In recent years, the “clean eating” dietary trend has swept the nation. Hip cafés, grocery stores, and restaurants are now advertising “clean” labels, promises and menus. Yet despite its widespread attraction, there is no standard definition of what “clean eating” is.
As a Registered Dietitian-Nutritionist (RDN), I often have people tell me that they “eat clean” or “want to follow a clean diet.” My response is always the same. “What does ‘clean eating’ mean to you?” Not surprisingly, I’ve never gotten the same answer twice. The idea of “clean eating” is open to interpretation.
The “clean eating” craze can attribute much of its popularity to social media hashtagging and food photos, but not to reliable scientific evidence. “Clean eating” is a mixed bag of fact and fiction. Many of the food phobias, polarized guidelines, and elaborate health claims associated with “clean eating” are unfounded in scientific research.
Additionally, since the public understanding of “clean eating” is so variable and dynamic, well-intentioned attempts to “eat clean” impose a long list of ever-changing and frequently unsustainable food rules. Such patterns are of significant concern to nutrition experts, as very restrictive dietary approaches tend to be unrealistic and exceptionally difficult to follow long-term.
“Clean eating” also does not ensure a balanced diet. In fact, the more constrained a person’s dietary choices, the greater the likelihood of incurring nutrient deficiencies. A closer look at some of the black-and-white rules of “clean eating” exposes significant flaws in its reasoning. Consider the “clean eating” statements below, all of which can be false and misleading.
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The Myths of “Clean Eating”
“Don’t eat anything your great-grandparents wouldn’t recognize as food.”
“We need to start eating like our ancestors used to.”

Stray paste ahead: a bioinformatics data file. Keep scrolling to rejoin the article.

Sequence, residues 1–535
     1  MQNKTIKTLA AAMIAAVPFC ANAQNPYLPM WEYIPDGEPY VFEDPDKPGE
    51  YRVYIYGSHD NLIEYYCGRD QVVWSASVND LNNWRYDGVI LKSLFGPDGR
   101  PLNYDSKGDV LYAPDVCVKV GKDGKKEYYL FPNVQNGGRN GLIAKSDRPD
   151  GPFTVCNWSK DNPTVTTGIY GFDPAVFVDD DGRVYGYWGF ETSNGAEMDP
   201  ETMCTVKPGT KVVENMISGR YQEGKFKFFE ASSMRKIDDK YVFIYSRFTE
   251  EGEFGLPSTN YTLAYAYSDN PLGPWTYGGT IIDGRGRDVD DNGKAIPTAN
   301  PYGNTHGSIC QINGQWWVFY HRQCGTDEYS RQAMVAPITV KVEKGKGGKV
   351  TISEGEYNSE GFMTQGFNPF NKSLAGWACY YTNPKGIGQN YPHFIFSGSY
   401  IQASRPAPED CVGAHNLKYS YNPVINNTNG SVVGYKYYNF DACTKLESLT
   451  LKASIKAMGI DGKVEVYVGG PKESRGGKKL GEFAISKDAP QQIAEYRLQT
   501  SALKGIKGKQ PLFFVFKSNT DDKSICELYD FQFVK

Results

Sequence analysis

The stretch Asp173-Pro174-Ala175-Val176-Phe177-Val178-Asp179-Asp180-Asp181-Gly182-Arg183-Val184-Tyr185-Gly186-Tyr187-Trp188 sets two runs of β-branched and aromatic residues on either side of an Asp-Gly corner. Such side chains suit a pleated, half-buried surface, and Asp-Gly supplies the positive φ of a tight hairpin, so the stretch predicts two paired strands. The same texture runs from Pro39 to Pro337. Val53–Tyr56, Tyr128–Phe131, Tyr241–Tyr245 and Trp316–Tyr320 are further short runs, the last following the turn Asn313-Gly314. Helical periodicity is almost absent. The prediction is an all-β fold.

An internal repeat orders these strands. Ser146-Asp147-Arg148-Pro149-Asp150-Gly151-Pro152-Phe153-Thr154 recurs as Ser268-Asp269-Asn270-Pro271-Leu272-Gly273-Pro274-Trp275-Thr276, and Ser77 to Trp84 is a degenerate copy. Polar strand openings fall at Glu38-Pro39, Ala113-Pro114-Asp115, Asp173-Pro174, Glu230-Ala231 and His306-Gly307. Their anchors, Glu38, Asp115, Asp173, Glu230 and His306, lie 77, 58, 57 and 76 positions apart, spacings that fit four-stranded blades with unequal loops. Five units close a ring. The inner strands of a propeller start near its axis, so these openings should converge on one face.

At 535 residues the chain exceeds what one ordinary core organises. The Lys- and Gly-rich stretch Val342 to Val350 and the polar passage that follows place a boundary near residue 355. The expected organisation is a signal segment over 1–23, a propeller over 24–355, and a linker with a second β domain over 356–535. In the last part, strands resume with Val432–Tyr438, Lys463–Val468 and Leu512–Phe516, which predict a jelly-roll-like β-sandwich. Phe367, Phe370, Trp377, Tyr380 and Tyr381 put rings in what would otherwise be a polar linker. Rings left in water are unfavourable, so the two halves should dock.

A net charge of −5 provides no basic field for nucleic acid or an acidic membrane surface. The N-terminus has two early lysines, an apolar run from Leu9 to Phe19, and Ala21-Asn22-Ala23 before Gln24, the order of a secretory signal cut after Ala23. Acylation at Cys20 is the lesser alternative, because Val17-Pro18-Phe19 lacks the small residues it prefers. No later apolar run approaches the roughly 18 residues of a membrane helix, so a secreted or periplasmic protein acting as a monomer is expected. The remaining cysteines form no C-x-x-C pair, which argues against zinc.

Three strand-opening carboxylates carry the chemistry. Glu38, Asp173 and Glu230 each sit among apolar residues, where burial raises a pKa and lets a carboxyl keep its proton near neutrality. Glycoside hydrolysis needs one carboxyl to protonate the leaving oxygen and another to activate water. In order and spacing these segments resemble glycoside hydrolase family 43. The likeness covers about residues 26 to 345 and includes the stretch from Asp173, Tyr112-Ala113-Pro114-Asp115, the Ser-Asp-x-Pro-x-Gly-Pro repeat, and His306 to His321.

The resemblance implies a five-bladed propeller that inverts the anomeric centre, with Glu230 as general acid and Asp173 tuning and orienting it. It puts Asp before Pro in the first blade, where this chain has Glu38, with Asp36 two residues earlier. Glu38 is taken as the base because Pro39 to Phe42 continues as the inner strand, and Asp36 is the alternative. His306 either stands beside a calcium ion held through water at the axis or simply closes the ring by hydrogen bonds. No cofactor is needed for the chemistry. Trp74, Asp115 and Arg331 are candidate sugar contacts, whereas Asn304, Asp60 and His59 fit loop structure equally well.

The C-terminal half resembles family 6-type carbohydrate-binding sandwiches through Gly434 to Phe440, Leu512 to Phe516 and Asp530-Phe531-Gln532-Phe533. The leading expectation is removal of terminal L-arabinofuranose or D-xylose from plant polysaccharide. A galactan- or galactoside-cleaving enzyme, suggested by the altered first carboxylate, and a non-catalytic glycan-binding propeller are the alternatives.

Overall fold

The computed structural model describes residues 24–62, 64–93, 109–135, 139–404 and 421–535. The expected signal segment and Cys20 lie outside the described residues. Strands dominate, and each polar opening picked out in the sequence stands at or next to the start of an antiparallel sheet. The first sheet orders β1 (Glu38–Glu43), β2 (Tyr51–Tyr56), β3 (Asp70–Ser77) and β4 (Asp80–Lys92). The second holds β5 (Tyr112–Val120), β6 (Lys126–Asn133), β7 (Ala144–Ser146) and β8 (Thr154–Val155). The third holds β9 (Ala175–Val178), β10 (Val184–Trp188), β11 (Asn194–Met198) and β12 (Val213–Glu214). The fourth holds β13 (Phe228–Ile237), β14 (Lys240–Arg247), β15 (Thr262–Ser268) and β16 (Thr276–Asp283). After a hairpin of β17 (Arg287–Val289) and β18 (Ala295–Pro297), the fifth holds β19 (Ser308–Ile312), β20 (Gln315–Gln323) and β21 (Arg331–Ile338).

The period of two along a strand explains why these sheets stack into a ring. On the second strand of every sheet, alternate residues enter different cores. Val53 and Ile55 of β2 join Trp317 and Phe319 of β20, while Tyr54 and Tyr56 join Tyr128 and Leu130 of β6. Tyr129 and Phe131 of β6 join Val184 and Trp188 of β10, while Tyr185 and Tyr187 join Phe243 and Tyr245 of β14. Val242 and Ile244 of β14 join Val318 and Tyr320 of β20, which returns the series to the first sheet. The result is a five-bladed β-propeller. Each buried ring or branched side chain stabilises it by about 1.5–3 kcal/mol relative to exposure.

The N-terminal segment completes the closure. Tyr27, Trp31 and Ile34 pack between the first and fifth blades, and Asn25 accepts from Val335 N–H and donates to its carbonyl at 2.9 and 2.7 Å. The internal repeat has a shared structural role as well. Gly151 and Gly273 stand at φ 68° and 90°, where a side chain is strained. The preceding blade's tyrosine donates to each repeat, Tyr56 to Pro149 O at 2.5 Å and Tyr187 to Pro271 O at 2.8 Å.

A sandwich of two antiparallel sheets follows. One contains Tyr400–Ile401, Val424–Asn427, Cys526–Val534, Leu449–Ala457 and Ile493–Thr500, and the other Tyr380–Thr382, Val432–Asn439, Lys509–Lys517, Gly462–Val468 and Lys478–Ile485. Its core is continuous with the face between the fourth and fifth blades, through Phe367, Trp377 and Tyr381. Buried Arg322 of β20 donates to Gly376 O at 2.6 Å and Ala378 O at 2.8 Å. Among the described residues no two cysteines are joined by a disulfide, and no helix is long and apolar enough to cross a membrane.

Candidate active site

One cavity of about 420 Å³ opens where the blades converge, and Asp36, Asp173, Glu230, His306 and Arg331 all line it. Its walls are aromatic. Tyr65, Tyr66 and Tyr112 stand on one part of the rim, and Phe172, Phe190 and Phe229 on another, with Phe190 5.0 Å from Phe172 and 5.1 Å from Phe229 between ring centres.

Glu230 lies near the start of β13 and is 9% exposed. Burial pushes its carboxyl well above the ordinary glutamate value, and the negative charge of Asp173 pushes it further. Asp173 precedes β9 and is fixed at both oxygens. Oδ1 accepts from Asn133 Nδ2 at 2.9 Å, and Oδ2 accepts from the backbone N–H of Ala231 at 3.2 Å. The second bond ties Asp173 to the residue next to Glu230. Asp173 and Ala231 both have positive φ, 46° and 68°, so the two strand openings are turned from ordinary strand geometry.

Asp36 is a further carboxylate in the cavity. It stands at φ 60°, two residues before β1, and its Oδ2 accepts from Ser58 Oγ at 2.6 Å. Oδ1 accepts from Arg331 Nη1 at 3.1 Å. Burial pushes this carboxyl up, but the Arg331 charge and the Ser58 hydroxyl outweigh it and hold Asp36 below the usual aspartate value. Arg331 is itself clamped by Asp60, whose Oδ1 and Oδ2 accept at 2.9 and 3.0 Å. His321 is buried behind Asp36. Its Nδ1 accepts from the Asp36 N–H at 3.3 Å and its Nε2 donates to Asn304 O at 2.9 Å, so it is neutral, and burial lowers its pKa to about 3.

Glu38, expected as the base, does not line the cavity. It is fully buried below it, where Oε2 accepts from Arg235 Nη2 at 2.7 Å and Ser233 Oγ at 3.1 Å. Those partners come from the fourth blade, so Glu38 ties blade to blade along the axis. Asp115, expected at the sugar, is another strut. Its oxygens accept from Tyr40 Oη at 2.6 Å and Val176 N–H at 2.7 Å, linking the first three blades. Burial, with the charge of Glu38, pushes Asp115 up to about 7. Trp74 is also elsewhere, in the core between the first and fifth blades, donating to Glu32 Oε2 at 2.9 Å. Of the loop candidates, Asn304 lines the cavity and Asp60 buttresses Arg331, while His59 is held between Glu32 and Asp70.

It is undeniable that food manufacturers today produce and sell more convenience foods, pre-packaged items and shelf-stable food products than at any other time in history. However, foods that have withstood the test of time are not inherently healthy. And novel food choices are not necessarily unhealthy.
Historical data proves that humans have consumed high-calorie foods such as chocolate and sweet pastries for hundreds of years. Additionally, someone who lived 100 to150 years a would easily recognize potato chips, which were invented in 1865.
Yet that same person would not recognize kiwi fruit, which was first brought to the United States in 1962. Other foods renowned for their nutrient density, such as quinoa, turmeric and sushi, have only been introduced to the United States in the past 45 years. Therefore, application of this “clean eating” rule limits access to highly nutritious foods that have only become available through advancements in food trading, crop growing practices, and commercial food availability.
“Don’t eat anything with more than ‘X number’ of ingredients.”
“Clean eating is when I can see all of the ingredients I am eating.”
“A food is clean if there are as few ingredients as possible.”
The number of ingredients in a product is not a foolproof measure of a food’s nutritional quality. Pork rinds, which are loaded with fat and sodium and have zero fiber or vitamins. But they have a very short ingredient list – pork rinds, lard and salt. Similarly, it is not difficult to find a box of five-ingredient peanut butter chocolate chip cookies on a grocery store shelf. Such cookies are high in calories, fat and added sugars. In contrast, a loaf of Ezekiel Bread, which is packed with whole grains, fiber, and B vitamins, is made with ten ingredients.
“Simple” has become a marketing buzzword. It gives consumers the impression that a food is wholesome and thus more nutritious. Yet the “simple ingredients” used in these specialty cereals, crackers, cookies, ice cream, teas and juices are often refined flour, sugar, salt, cream and/or oil – foods that do not provide any nutritional punch. There is certainly no shortage of these ingredients in the typical American diet. If 90 percent of a product is comprised of a trendy version of fat or sugar, it is still not providing a healthful, educated choice.
“Don’t eat what you cannot pronounce (such as a chemical sounding name).”
Scary or complicated names do not automatically equate to harmful properties. For instance, bulgur and amaranth, two very nutritious, ancient grains, are unpronounceable for some people. Also, some of the chemical compounds used as food additives are necessary for food safety. An example is potassium sorbate, which prevents the growth of bacteria that causes foodborne illness and spoilage.
“Don’t eat anything pre-packaged.”
“You should only choose foods without a label – nothing from a box, bag, or can.”